A pathologist testifying in the trial of a Rwandan rebel accused of killing eight foreign tourists, including a Scot, and their guide in a famed Ugandan gorilla reserve yesterday described the horrific wounds suffered by the victims.
Rwandan rebels hacked and bludgeoned the tourists from the United States, Britain and New Zealand in a remote rain forest near Uganda's borders with Congo and Rwanda.
The rebels said they were targeting English speakers in an attempt to weaken US and British support for the Rwandan government. The Western countries were the largest donors to Rwanda after its 100-day genocide.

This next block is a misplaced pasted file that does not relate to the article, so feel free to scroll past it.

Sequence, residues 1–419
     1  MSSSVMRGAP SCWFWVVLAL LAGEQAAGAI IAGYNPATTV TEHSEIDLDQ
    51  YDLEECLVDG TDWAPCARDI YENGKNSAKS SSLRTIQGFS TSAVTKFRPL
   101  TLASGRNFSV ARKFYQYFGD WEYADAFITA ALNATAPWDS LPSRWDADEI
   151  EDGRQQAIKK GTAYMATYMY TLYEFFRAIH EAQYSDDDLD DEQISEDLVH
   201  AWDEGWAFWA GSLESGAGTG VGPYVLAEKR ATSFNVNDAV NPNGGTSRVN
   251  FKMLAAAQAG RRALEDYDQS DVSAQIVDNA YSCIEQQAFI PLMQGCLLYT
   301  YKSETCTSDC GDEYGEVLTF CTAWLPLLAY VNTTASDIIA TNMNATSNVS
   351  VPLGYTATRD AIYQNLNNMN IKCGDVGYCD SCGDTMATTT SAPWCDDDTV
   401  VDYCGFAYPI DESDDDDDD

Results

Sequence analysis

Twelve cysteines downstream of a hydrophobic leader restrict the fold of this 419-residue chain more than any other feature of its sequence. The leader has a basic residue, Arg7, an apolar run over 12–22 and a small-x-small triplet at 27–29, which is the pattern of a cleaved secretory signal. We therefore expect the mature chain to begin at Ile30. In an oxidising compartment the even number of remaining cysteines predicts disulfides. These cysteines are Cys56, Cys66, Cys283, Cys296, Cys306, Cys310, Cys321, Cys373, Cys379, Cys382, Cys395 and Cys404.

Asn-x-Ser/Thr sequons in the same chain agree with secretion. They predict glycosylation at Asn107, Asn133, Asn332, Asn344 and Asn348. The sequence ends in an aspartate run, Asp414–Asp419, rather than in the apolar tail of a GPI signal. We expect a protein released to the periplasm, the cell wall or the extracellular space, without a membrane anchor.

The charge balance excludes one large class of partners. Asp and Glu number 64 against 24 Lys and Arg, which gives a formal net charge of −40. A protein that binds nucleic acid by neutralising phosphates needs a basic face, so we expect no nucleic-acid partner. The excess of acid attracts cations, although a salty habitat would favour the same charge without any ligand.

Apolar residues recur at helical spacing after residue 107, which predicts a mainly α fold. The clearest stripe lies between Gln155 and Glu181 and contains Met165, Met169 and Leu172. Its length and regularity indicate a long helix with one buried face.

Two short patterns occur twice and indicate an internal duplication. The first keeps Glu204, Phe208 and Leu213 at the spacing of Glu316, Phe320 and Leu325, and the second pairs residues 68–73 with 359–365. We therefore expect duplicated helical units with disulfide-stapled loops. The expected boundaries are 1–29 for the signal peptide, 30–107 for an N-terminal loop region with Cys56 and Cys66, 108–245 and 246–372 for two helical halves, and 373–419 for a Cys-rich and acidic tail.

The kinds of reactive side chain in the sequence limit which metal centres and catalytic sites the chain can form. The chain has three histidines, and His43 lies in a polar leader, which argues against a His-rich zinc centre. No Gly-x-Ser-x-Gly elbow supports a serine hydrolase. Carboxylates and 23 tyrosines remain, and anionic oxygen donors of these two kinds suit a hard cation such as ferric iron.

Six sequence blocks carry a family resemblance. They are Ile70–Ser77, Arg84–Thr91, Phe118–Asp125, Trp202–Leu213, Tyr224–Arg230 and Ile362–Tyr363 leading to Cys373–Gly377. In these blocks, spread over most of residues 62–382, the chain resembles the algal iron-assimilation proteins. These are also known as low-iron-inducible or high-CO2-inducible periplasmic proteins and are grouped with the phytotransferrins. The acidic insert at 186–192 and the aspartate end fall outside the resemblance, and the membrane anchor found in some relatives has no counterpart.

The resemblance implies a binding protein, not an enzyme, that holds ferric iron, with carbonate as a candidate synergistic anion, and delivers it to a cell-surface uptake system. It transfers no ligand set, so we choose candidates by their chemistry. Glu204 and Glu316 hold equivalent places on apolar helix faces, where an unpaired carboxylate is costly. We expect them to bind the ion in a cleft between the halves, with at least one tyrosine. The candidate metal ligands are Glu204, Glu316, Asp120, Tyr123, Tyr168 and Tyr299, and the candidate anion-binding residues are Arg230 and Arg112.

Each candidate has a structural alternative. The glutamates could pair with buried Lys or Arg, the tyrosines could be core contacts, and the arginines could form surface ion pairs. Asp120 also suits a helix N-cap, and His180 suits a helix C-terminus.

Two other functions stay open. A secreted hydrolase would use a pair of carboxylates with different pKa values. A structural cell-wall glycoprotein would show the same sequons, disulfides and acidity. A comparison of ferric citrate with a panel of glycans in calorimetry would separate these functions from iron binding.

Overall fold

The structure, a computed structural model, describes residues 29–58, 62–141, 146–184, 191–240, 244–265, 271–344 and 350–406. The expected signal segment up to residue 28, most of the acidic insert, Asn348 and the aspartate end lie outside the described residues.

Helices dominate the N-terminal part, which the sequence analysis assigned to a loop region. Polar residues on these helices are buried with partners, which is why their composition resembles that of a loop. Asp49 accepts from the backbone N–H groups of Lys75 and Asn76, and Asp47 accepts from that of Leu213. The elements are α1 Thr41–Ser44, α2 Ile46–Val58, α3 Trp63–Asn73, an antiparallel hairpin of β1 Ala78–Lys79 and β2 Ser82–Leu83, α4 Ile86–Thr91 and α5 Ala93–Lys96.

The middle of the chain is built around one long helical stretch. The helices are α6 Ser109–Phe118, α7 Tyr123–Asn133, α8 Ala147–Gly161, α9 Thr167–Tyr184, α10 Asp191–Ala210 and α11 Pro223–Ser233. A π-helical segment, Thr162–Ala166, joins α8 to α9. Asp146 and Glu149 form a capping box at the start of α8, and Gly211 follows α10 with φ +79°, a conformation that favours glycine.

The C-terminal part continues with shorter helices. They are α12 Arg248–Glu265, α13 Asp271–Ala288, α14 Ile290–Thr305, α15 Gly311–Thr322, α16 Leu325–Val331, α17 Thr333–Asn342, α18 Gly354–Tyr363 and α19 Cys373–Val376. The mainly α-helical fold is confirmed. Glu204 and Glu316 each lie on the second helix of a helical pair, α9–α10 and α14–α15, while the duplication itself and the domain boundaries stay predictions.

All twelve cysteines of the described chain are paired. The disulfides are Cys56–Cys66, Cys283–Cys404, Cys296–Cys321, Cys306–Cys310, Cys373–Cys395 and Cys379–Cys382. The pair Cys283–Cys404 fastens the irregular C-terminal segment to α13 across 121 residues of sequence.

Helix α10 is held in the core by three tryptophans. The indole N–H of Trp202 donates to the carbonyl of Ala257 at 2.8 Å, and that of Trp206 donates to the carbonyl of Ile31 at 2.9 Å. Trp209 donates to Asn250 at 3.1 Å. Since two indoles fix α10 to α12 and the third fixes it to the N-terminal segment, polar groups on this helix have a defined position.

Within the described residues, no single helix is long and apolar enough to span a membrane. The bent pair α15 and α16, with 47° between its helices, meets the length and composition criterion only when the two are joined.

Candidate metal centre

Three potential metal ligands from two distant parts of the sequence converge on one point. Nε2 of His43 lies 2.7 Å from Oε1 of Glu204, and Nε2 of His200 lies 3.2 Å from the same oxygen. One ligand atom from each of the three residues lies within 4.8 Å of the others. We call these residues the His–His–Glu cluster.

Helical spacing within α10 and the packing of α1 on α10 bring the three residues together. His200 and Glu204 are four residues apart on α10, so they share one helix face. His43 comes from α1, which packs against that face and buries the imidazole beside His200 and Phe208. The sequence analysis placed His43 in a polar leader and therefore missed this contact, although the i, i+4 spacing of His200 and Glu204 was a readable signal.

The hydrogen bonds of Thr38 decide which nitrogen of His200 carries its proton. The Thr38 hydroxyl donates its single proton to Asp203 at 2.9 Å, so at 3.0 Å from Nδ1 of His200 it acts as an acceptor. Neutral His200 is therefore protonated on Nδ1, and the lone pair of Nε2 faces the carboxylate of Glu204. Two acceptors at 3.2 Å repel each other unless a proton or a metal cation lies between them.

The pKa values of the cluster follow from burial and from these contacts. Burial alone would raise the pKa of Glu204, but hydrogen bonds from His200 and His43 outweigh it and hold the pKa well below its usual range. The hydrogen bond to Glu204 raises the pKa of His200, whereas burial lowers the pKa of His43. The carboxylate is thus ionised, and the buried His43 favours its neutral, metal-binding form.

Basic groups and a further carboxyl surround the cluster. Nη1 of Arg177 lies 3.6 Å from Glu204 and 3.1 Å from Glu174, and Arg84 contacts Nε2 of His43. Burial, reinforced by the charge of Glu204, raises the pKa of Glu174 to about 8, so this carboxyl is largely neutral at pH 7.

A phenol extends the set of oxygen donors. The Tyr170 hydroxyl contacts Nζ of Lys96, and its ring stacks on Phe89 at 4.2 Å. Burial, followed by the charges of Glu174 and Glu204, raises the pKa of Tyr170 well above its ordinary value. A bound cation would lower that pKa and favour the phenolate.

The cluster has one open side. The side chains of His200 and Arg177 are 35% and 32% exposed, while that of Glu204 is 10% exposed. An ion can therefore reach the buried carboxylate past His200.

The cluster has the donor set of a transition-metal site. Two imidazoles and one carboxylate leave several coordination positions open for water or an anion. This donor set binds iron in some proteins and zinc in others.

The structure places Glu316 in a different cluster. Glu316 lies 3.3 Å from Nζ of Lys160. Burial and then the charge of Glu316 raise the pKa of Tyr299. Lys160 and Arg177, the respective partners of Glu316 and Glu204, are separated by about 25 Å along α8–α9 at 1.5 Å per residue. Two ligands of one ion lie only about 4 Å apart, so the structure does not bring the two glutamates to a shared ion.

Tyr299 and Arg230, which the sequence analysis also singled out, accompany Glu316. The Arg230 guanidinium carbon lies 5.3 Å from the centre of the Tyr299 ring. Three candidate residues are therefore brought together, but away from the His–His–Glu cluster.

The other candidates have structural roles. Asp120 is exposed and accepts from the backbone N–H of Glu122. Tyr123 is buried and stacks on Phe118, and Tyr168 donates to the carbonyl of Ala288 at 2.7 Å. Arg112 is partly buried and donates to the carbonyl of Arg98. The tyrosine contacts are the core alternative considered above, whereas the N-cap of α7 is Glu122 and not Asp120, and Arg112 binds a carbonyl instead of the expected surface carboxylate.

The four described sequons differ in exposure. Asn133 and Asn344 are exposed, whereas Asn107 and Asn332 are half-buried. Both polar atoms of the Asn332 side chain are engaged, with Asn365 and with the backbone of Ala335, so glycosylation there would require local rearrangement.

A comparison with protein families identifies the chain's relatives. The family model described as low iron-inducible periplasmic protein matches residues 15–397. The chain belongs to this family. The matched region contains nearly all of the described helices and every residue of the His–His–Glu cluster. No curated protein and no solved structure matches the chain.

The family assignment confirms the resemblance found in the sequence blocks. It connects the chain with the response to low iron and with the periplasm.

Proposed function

Dr Henry Wabinga told the high court that the bodies of five victims of the 1999 gorilla reserve attack had broken skulls, hacked brains, stab wounds, compound fractures and extensive burns.
His report was presented on the last day of prosecution testimony against Jean-Paul Bizimana, 30, a former Rwandan rebel, who has pleaded not guilty. He could face the death penalty if convicted.